Europe's Endangered Liberal Order

The flags of Berlin, Germany and the European Union blow in the wind near the conference center for the upcoming European Union summit of the European leaders in Berlin on March 23, 1999.  Courtesy Reuters


Like no other continent, Europe is obsessed with its own meaning and direction. Idealistic and teleological visions of Europe at once inform, legitimate, and are themselves informed and legitimated by the political development of something now called the European Union. The name "European Union" is itself a product of this approach, for a union is what the EU is meant to be, not what it is.

European history since 1945 is told as a story of unification: difficult, delayed, suffering reverses, but nonetheless progressing. This is the grand narrative taught to millions of European schoolchildren and accepted by central and east European politicians when they speak of rejoining "a uniting Europe." That narrative's next chapter is even now being written by a leading German historian, Dr. Helmut Kohl. Its millennial culmination is to be achieved on January 1, 1999, with a monetary union that will, it is argued, irreversibly bind together some of the leading states of Europe. This group of states should in turn become the "magnetic core" of a larger unification.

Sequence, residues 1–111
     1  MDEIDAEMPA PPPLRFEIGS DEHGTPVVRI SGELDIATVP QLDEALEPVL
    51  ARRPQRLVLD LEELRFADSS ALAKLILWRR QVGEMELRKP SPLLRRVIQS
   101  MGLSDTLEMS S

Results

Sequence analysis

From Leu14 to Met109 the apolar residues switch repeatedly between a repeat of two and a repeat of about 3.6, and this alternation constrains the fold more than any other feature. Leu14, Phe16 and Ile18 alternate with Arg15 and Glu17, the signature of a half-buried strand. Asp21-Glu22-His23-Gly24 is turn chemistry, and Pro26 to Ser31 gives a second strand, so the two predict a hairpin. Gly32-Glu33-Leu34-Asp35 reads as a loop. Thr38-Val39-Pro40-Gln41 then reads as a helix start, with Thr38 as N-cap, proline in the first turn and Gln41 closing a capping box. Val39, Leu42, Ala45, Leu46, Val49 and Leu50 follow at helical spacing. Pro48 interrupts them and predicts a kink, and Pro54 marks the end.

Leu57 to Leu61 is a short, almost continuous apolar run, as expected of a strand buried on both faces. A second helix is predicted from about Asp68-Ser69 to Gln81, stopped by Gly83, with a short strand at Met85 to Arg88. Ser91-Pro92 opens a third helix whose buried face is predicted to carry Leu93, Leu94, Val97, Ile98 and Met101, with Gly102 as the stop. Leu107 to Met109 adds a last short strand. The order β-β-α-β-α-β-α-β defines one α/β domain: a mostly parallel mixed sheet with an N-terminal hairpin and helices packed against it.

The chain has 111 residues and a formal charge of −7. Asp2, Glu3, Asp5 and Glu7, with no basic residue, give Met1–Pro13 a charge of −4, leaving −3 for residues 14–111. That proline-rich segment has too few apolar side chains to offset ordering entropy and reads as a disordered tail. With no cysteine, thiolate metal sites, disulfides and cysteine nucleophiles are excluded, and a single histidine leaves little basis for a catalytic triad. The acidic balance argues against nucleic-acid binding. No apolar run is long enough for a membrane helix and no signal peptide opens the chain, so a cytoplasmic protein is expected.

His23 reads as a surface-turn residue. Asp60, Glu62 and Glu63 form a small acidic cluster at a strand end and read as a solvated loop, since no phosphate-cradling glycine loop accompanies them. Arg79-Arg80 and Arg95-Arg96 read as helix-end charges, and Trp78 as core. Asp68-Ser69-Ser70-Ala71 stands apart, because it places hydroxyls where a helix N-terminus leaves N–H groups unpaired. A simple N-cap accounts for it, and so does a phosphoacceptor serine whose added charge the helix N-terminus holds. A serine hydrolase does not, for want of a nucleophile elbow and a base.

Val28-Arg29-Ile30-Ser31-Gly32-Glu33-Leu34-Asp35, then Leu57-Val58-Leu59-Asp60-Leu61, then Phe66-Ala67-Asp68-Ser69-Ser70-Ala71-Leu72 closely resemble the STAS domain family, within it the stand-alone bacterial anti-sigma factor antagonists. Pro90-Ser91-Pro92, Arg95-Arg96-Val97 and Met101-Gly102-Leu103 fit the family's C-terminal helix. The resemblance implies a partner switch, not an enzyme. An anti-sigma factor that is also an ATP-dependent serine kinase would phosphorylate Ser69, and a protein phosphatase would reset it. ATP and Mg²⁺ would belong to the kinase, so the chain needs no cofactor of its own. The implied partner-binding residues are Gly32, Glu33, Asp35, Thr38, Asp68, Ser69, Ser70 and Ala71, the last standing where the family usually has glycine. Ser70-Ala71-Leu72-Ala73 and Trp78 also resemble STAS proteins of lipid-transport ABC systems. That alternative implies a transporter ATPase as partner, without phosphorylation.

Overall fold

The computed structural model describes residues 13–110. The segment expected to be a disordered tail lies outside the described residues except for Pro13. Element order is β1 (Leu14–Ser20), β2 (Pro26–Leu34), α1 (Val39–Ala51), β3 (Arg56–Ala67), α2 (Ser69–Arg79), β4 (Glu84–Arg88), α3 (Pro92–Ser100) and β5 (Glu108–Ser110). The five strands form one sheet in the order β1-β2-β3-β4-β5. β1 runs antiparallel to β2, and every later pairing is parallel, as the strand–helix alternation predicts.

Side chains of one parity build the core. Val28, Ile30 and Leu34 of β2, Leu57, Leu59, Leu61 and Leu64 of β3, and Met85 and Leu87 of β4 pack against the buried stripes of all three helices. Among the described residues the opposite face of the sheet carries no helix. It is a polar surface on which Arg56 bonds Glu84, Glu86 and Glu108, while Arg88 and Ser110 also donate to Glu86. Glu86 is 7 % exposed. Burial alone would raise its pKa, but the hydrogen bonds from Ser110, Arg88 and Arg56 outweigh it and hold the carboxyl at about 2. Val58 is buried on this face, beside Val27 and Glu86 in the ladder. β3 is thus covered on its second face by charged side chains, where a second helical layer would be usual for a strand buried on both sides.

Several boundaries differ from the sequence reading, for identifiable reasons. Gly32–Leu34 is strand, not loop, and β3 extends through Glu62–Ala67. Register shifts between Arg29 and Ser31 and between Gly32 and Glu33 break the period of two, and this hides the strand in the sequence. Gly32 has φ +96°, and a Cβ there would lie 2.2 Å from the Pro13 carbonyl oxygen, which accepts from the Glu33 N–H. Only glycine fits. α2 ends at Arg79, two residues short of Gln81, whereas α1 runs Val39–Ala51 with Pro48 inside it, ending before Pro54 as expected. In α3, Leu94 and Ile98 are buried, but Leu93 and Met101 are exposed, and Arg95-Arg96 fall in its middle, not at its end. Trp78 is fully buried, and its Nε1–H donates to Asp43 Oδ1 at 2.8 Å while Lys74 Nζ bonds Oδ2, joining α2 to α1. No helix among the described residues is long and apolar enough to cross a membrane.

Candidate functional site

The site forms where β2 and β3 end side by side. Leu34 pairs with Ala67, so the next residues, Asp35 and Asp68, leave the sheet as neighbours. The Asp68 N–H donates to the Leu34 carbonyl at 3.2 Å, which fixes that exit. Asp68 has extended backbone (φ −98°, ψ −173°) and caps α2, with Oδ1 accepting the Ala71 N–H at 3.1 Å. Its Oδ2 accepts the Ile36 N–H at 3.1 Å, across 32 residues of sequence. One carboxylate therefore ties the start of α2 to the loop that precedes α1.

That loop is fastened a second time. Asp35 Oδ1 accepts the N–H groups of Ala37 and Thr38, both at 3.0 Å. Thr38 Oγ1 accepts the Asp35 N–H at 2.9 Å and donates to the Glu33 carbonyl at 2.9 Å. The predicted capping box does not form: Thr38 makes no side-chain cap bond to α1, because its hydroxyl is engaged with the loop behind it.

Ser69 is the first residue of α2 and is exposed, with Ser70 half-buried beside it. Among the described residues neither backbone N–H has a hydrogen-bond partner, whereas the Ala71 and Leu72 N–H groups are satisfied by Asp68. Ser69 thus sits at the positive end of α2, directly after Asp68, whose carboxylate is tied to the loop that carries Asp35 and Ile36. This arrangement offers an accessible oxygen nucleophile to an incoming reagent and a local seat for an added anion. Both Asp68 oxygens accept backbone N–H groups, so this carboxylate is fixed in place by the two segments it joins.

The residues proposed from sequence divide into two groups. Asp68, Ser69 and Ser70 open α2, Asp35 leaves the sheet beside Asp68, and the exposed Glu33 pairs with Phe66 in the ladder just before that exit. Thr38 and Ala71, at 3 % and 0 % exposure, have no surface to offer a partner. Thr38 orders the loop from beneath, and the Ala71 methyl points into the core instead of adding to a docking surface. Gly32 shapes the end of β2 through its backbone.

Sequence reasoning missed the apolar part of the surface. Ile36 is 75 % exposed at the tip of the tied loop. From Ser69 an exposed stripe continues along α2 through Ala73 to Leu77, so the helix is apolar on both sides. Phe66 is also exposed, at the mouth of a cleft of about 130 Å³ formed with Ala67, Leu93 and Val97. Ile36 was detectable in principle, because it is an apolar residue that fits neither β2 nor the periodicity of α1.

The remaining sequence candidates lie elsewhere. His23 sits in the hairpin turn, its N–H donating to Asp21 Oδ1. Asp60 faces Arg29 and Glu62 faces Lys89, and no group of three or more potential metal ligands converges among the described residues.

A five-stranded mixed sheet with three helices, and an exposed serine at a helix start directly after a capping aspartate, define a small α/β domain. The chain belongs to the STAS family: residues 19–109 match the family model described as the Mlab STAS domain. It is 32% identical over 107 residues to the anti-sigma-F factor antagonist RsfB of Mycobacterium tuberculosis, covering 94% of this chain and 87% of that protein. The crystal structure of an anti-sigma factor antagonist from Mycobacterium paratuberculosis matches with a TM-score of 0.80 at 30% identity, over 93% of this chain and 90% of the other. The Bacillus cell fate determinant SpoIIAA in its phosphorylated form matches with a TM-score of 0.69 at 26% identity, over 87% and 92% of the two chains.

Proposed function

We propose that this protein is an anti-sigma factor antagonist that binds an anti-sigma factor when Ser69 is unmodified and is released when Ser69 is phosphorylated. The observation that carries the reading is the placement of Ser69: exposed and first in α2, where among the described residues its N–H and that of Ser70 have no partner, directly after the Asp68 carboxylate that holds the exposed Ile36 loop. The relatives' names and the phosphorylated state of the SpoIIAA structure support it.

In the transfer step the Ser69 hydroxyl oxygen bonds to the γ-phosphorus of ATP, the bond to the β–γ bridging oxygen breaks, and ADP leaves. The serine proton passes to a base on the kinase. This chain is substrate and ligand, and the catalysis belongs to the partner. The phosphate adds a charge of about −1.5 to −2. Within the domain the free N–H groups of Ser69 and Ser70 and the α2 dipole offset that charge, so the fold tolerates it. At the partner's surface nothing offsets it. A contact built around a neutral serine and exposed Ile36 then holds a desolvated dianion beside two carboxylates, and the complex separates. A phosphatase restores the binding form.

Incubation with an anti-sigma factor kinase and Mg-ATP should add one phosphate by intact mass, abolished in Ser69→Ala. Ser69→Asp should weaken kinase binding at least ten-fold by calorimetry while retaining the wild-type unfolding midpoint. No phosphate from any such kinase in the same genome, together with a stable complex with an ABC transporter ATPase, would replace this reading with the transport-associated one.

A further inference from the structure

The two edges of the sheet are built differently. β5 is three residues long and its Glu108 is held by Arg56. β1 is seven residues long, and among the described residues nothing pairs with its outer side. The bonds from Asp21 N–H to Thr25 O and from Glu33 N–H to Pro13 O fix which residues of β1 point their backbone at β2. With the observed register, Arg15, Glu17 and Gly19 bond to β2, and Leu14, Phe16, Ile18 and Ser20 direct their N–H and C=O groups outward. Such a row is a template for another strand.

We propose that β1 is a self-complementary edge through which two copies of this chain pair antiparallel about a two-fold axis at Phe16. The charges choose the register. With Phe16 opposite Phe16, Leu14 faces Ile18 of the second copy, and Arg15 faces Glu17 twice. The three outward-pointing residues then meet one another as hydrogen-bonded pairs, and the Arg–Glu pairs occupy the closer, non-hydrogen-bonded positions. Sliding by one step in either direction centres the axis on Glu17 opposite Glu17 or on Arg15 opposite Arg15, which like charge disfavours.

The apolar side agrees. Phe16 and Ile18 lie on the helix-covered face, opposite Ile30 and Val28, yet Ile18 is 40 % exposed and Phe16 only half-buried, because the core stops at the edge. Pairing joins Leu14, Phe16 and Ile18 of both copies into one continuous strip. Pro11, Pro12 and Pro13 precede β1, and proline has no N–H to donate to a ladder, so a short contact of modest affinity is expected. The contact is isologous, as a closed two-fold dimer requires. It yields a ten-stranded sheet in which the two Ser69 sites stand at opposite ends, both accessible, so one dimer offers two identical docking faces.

European unification is presented not just as a product of visionary leaders from Jean Monnet and Robert Schuman to Francois Mitterrand and Helmut Kohl but also as a necessary, even an inevitable response to the contemporary forces of globalization. Nation-states are no longer able to protect and realize their economic and political interests on their own. They are no match for transnational actors like global currency speculators, multinational companies, or international criminal gangs. Both power and identity, it is argued, are migrating upward and downward from the nation-state: upward to the supranational level, downward to the regional one. In a globalized world of large trading blocs, Europe will only be able to hold its own as a larger political-economic unit. Thus Manfred Rommel, the popular former mayor of Stuttgart, declares, "We live under the dictatorship of the global economy. There is no alternative to a united Europe."

It would be absurd to suggest that there is no

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